Growth and Development

The following panel discussion took place during the Encyclopedia’s Civic Partnership and Planning Workshop, held April 16-17, 2009, at the Historical Society of Pennsylvania. Please join in the discussion by adding your thoughts below.

Walter Licht of the University of Pennsylvania, who chaired the panel, provided an overview of the purpose of the discussion and elaborated on the diverse background of each of the presenters.

Philip Hopkins from Select Greater Philadelphia opened his remarks by covering many of the strengths and weaknesses which must be factored into development decisions in Philadelphia. The location of the city along the heavily populated corridor running Boston to Washington, as well as the facts that the Greater Philadelphia area has a large population and comparatively high income levels, need to be emphasized in the Encyclopedia. Hopkins argued that the region has cost advantages over New York and Boston, and this is especially true with respect to rail, highway, and marine transportation costs. A unique situation has arisen over the years, however, in that Philadelphia has developed a reputation as an area where few inventions are made; rather, it is the city where inventions from other areas are perfected and many applications are found for these imported discoveries. Associate or more advanced degrees are awarded by ninety-two educational institutions in the region, which can be a tremendous asset for the growth of the area. Progress is hindered in the region by the inordinately high number (392) of municipal/school governing boards which must be navigated by those seeking to improve the area.

Joseph N. DiStefano of the Philadelphia Inquirer opened his comments by pointing out that many of the largest service companies in some major contemporary industries are located in the city and its immediate suburbs. While the city has lost big employers like the Pennsylvania Railroad, Baldwin Locomotive, and Philadelphia National Bank, the region is now home to Comcast cable TV, Vanguard mutual funds, SunGard financial software, the two dominant U.S. credit card companies, and a dozen major pharmaceutical companies. However, unlike the old locally-focused employers, these giant service companies are focused on national and world markets, and the region has lost its powerful, tight local business elite. The audience was further reminded that this city served as the nation’s financial capital as well as the seat of government in the nation’s infancy. While Philadelphia doesn’t experience the rapid growth of some areas of the nation, the diverse nature of its industries makes it less likely to be as adversely impacted by recessions which might occur during expected business cycles. He speculated that the current economic crisis might have been much less dramatic had that pattern prevailed in other parts of the country. DiStefano closed his presentation by concurring with Mr. Hopkins that the areas growth is stymied by too many levels of government bureaucracy and reminded the editors that the success of the Encyclopedia will hinge on its editing.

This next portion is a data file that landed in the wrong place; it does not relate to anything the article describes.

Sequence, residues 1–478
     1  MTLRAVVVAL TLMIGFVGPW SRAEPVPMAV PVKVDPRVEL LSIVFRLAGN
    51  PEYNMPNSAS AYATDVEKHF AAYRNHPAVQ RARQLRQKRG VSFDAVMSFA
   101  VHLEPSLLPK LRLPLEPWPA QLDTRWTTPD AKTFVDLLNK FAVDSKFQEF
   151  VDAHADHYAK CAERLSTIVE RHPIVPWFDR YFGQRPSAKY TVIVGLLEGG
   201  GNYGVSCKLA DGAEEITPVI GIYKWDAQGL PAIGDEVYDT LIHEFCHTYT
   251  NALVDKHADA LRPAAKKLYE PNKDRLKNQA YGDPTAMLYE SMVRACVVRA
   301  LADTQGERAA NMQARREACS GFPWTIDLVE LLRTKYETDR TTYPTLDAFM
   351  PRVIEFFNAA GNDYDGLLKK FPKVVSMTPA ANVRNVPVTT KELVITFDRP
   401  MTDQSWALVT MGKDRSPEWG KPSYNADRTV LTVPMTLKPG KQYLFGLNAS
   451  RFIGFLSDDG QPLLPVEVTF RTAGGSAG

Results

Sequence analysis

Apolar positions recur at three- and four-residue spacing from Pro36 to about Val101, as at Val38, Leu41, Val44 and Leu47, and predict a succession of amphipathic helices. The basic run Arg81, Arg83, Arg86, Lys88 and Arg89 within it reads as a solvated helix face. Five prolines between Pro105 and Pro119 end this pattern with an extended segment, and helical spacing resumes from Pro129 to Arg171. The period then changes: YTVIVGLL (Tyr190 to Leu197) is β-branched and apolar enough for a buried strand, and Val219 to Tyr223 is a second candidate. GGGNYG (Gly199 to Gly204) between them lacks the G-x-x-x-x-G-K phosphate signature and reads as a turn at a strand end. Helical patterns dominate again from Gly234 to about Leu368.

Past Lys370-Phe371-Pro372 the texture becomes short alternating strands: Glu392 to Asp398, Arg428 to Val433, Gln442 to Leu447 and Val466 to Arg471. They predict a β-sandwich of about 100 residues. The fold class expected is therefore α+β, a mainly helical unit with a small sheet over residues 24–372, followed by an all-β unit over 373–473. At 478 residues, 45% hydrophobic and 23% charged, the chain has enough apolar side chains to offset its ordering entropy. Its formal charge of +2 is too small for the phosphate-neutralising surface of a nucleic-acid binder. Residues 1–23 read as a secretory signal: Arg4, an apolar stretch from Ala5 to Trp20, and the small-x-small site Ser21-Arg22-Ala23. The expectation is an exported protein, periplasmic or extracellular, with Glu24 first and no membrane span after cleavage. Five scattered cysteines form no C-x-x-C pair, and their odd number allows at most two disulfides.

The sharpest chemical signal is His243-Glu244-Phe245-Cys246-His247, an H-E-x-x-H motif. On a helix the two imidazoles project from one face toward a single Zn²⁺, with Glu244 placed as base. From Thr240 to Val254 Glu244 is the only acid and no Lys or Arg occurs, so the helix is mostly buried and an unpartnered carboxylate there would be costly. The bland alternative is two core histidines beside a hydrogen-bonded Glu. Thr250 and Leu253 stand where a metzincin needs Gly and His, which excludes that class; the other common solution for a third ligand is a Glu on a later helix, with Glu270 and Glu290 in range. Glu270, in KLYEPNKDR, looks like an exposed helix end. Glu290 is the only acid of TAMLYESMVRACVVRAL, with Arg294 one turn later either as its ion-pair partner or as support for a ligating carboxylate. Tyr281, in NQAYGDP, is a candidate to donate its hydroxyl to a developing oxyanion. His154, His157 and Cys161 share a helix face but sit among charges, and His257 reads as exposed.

David Thornburgh, Director of the Fels Institute at the University of Pennsylvania, pointed out that the Encyclopedia needs to recreate the context of the times when covering historical events as “nothing was predetermined to occur.” Two of the important moments in the growth of the city, according to Thornburgh, were the 1854 consolidation and the highly successful Centennial celebration. Similarly, the creation of Fairmount Park, the Center City District, and the Convention Center as well as the development of Society Hill marked great progress in the city. Each of these advances was accomplished with tremendous citizen input and involvement. Thornburgh asked that the Encyclopedia consider the economic typography of the region as a legacy of the city’s role as the “workshop of the world.” He described the areas as a “great forest with small trees.” By this he meant that many of the nation’s cities are dominated by a single corporation employing in excess of 30,000 people, whereas Philadelphia is much more diversified and the largest private employer has a payroll of only 12,000. The term “mini-cities” more aptly describes the outlying areas of Philadelphia as the concept of suburbs does not accurately apply to this city as it does to many other metropolitan areas. Any study of the city would be incomplete if it did not consider the impact of the “50s era” airport, I-95 which cuts the city off from the Delaware River, and the Blue Route and the impact each of these has on growth and development. The significantly adverse impact of the public policy to implement the “wage tax” needs to be fully explored as it proved to be “very damaging.” Finally, immigration patterns to Philadelphia are much different than to other cities in North America. This includes the movement of African-Americans into the region.